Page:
Game Preview: Seahawks looking for first win in Green Bay since 1999

In this Aug. 18, 2017, file photo, Seattle Seahawks quarterback Russell Wilson passes during warmups before an NFL preseason football game against the Minnesota Vikings. (AP Photo/Stephen Brashear, File)

Nov. 1, 1999, Monday Night Football. Matt Hasselbeck wore a Packers jersey as the backup to Brett Favre, Mike Holmgren was in his first year as the Seahawks head coach, and Russell Wilson was a month shy of his 11th birthday the last time the Seahawks won a game at historic Lambeau Field in Green Bay.

Now, the Seahawks enter Sunday’s matchup against the Packers with one of their most talented teams in franchise history, hoping to end their seven-game losing streak in Green Bay.

The combination of veteran additions, a clean bill of health, and a renewed ‘us against the world mentality’ has Seahawks fans confident about the team returning to the Super Bowl in February.

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A win on Sunday could ultimately be the difference in home-field advantage throughout the playoffs, making this early season test in Green Bay increasingly important.

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Watch Steve Raible's Scouting report on Saturday at 7 p.m. for a complete preview of Sunday's game against the Packers. Hear Steve's one-on-one interview with wide receiver Doug Baldwin, his '710 with 710' conversation with KIRO radio's Mike Salk and Danny O'Neill and more. 

Here are three keys to victory for the Seahawks this Sunday:

‘No Turnover Sunday’

Pete Carroll is known to have themed practices for each day of the week such as "Turnover Thursday" and “No repeat Friday.” On Turnover Thursdays, the offense stresses taking care of the ball while the defense focuses on generating as many turnovers as possible.

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“Our No. 1 emphasis is taking care of the football,” Pete Carroll has often said, and this Sunday will be no different.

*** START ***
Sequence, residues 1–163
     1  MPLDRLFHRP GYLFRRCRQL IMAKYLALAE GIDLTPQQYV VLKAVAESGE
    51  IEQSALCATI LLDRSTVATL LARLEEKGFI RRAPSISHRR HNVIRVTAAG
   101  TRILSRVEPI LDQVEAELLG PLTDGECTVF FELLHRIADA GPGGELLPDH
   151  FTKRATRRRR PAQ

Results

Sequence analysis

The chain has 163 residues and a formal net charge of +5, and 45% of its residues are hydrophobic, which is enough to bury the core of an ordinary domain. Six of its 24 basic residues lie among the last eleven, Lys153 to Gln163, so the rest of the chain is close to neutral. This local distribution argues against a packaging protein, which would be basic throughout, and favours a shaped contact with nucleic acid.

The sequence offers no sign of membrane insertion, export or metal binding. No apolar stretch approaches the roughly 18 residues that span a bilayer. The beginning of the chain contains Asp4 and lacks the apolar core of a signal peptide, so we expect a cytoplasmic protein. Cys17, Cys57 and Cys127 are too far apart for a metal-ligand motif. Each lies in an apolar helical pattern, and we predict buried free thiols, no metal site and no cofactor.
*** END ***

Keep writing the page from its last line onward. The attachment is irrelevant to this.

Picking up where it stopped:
Two of Russell Wilson’s worst career performances have come against the Packers, including last year’s five-interception performance in a 38-10 loss.

>> Related: Photos of the Seahawks 38-10 loss to the Green Bay Packers 

The Seahawks must limit turnovers on offense and will look to take advantage of any Aaron Rodgers mistakes on defense. Finishing with a positive turnover differential will go a long way in ending the franchise seven-game losing streak in Lambeau.

Introducing: ‘Death Row’

After leading the league in scoring defense from 2013-2015, the Seahawks finished third in that category last year. The recent addition of defensive lineman Sheldon Richardson from the New York Jets gives the Seahawks eight starters on defense who have played in at least one Pro Bowl.

>> Related: Seahawks trade Jermaine Kearse to Jets 

Richardson, Michael Bennett, Cliff Avril and Frank Clark will look to lead the Seahawks’ pass rush against Packers quarterback Aaron Rodgers, who is one of the best quarterbacks at extending plays in the NFL.

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Bennett has dubbed the Seahawks defensive line as "Death Row," and the unit is the deepest it has been since the 2013 Super Bowl winning season.

— Michael Bennett (@mosesbread72) September 4, 2017

If the "Death Row" unit can generate pressure on Aaron Rodgers, the defense’s other branded unit "The Legion of Boom” will have a much better chance at limiting one of the league’s best offenses.

Run early, and run often

Former Packers pro-bowl running back Eddie Lacy joins a Seahawks backfield that includes: Thomas Rawls, C.J. Prosise, and talented seventh-round pick Chris Carson. Look for the Seahawks to try to establish the run early and often on Sunday as they look to get back to their "run first" mentality they had in past years.

From 2012-2015 the Seahawks had a top-five rushing offense in the NFL lead by Marshawn Lynch. Lynch's departure, combined with a bevy of injuries, saw the team's run game finish an uncharacteristic 25th in the league.

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Pete Carroll has not been shy in addressing the team’s recommitment to the running game this offseason. During an appearance on 710 ESPN Seattle in the spring Carroll was adamant that the team will make it a priority to run the ball more often this season.

"We definitely will," Carroll said, via ESPN. "We lost 100-something runs last year. And that was basically the story. That was basically the tale of why everything came about as it did. The defense had to do some more stuff. We had to throw the ball more. We had to pass protect more and all of that because the running game got knocked up.

"With the quarterback being a mess and the running back situation, everybody being banged up, we were just unable to find it. So I think we'll come roaring right back at it."

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The Seahawks will use their talented group of running backs to control the clock, and quiet a raucous Packers crowd from the start on Sunday; something that was largely absent in last year’s 38-10 loss.​